In physical therapy, he was told that he would face permanent limitations as far as movement and certain amounts of weight he could hold in his hand. It hit him hard.
“There’s days where I wake up in the morning and see my hand, and the scar ... and it’s just frustrating and I’m upset at the world, like, ‘Why me?’ I’m a very fun person to be around, I’ve always been giving. I’ve always been a person people like to be around. I didn’t really feel like I deserved this,” he said.
Despite these setbacks, Anselimo remembers telling his family, and especially his mom, that he was not going to give up.
“I’m not going let this stop me, there is no way I could just stop doing what I love, and have fun doing, and something that’s growing so rapidly, and I want to be a part of it,” he recalls saying.
“I can’t let someone, like, this person take away my career and my joy and what I love to do.”
As he battled back against those feelings, Anselimo says he has “fueled by doubt,” referring to the Bucks letting him go and, what he sees as them losing faith in him. He also credited friends and family with helping him think more positively and fight back against the mental fallout from the traumatic event, such as wanting to be alone more often. Anselimo said he could “feel [his] personality changing,” and so even seemingly small gestures — a friend asking him if he needed company — really mattered to him.
“They’d tell me, you survived for a reason," he recalls. "You were shot three times and still have a bullet in your body. You took all of this and the worst is behind you and you can’t give up.”
The next challenge
Dr. Harrison said Anselimo’s “exceptional” recovery highlights elements he sees as being key to recovery from traumatic incidents, namely, mental stability and a focus on post-operative care, especially physical therapy. Serendipitously, video games can be considered a form of physical therapy, since they help to build strength and mobility in the hand, according to Dr Harrison.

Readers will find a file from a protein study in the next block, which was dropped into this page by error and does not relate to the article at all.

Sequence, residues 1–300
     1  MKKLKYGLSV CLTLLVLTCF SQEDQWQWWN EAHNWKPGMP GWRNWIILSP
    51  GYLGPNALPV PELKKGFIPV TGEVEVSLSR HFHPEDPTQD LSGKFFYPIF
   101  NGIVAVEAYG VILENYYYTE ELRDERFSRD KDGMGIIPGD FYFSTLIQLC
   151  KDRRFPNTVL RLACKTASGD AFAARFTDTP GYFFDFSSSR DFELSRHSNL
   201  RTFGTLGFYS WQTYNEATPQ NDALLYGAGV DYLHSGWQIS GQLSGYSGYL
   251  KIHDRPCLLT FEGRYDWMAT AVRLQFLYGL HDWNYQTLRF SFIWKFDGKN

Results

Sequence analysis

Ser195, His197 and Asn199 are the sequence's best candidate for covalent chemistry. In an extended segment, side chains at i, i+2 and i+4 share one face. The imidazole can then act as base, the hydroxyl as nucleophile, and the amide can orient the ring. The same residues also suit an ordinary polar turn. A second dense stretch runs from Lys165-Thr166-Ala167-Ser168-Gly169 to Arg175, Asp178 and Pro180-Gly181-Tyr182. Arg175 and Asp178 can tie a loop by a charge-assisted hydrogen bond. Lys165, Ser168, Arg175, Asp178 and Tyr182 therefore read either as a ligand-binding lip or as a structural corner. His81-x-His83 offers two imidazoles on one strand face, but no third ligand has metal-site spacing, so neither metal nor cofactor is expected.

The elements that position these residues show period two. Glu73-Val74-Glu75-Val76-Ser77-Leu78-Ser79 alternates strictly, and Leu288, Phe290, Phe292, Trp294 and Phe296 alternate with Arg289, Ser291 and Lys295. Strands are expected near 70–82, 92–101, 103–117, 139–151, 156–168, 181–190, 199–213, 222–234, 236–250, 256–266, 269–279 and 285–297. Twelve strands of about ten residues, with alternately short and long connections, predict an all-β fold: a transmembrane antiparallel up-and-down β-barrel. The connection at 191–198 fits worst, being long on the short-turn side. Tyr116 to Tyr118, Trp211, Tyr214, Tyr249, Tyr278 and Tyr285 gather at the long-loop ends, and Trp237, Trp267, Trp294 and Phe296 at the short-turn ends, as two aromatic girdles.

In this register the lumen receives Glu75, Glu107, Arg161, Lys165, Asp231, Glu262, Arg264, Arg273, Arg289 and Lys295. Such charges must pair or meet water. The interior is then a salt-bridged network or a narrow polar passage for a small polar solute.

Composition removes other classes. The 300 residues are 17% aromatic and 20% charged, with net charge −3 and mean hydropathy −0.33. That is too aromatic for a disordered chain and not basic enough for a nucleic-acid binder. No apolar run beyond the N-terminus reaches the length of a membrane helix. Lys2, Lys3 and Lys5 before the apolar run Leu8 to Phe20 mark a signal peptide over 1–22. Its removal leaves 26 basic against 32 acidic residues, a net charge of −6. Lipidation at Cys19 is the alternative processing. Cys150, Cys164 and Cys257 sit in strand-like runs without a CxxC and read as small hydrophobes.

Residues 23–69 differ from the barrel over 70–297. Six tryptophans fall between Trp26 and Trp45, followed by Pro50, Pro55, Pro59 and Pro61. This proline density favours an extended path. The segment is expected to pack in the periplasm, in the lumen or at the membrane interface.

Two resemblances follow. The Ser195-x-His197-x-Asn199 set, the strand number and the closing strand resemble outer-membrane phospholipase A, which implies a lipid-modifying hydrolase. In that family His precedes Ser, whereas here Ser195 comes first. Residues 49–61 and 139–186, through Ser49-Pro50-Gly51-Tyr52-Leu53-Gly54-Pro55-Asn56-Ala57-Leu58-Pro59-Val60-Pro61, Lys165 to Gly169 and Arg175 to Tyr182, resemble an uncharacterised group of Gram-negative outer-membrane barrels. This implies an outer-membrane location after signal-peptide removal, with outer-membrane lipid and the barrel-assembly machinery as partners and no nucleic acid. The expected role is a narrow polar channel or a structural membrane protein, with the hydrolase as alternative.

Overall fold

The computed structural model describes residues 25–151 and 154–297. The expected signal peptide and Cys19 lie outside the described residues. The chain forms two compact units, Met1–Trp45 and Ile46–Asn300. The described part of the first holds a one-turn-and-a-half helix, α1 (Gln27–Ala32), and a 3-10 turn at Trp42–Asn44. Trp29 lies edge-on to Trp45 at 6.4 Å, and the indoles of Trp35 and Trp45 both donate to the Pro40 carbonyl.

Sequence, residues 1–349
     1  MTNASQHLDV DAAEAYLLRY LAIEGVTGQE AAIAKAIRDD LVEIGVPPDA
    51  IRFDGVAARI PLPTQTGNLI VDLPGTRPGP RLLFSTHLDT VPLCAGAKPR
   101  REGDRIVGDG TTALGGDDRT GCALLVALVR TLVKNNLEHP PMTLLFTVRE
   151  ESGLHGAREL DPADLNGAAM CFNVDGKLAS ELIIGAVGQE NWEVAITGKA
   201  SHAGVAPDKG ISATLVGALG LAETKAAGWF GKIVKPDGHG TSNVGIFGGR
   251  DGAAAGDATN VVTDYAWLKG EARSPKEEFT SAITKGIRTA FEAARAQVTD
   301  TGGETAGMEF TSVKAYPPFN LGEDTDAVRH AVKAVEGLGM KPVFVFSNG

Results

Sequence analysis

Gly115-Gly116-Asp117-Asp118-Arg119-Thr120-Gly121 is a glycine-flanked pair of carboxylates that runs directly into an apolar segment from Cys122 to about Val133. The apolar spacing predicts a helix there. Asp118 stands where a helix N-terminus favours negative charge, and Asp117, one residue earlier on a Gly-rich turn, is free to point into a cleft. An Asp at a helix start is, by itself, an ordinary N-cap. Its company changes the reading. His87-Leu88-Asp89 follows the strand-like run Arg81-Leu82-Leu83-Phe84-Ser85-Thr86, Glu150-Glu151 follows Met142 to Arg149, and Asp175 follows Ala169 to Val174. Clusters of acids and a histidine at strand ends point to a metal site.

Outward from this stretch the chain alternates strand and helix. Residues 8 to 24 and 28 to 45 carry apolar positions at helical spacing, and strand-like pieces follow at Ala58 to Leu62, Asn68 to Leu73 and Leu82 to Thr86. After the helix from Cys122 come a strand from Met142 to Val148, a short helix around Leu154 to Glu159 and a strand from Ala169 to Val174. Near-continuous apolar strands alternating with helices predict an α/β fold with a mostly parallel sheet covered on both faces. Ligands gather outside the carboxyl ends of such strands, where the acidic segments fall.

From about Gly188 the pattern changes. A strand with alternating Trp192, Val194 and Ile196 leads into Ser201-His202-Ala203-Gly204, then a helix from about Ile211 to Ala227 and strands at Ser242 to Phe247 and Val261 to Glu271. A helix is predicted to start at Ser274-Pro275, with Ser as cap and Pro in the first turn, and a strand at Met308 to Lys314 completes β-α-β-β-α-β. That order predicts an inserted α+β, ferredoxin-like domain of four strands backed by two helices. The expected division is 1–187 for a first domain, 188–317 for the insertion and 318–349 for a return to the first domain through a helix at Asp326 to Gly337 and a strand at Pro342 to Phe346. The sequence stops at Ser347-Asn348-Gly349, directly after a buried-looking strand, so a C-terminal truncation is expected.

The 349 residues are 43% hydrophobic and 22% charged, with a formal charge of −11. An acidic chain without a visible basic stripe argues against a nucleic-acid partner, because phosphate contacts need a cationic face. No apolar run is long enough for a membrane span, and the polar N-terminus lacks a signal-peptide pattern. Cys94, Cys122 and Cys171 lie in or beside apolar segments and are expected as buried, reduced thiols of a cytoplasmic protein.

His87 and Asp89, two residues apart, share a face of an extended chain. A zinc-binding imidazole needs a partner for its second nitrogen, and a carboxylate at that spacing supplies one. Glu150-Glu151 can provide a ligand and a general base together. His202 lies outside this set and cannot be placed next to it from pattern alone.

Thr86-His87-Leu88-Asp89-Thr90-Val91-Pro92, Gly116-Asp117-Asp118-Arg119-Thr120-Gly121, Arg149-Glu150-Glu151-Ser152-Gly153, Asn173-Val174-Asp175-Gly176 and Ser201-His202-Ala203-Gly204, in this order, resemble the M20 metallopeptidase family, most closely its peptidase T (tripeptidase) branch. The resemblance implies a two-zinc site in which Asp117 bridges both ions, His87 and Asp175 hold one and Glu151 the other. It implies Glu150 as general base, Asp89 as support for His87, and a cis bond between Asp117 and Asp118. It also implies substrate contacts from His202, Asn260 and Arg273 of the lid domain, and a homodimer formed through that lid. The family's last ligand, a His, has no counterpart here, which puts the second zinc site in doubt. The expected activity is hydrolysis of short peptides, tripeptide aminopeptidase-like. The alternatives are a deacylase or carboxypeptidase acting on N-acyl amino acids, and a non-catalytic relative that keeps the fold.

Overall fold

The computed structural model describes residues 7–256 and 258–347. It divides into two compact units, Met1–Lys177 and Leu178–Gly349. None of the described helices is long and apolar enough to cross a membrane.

With his support system, and a commitment to recovery, Anselimo was able to get back on the video game court only a couple weeks after coming home from the hospital — quickly enough to draw interest from NBA 2K League teams.
“I just put this all into my recovery and rehab. And sure enough the Cavaliers saw me playing,” said Anselimo. “I just really needed one team to believe in me.”
One month after being shot three times, Anselimo was drafted third overall in the NBA 2K League’s expansion draft. The Minnesota Timberwolves, who picked him, quickly traded him to Cleveland.
“His dedication after the tragedy and him trying to make that recovery as fast as possible so he could participate in Season 2 is all I needed to hear, once I talked to him,” said Cavs Legion GM Muraco, who said Anselimo continues to excel in the game. “It was honestly a no-brainer for me.”
Anselimo said he is only operating at about half of what he thinks is his potential, which he believes will be about 20-25 percent less than he was physically capable of before the shooting.
“His dedication to his physical therapy has been incredible," Muraco said. “He’s not only an inspiration to other players but our entire organization as a whole, from the Cavs to the [American Hockey League’s] Monsters, to the [NBA] G-League team and to Cavs Legion itself.”
In addition to rehabbing his hand, Anselimo has also lost more than 40 pounds after bettering his diet and dedicating himself to the gym, something he said was catalyzed by his near-death experience.
“Things could have obviously went a lot different that day," Anselimo said. "I’m grateful to still be here to talk about it.”
He hopes other can learn from his experiences and recognize the importance of mental well-being in recovery.
“If you’re ever feeling down, or need someone to talk to, make sure not to hold it in, because mental health is a very serious thing,” he said. "Just make sure you have the tools to try to get better, whether it’s friends or family or activities to free your mind, just go for it.”
Even as he learns to live in a new reality, one with a new thumb, a new team, and new role within the gaming community, and beyond, “Larry Legend” revealed he is still the same Brooklyn kid at heart and won’t be content just to make it back into the 2K League.
“No hard feelings towards anybody or anything like that," Anselimo said. "But I come from New York City and was born with that competitive nature, that hustle, and desire, and I just feel like I’m the best in what I do.”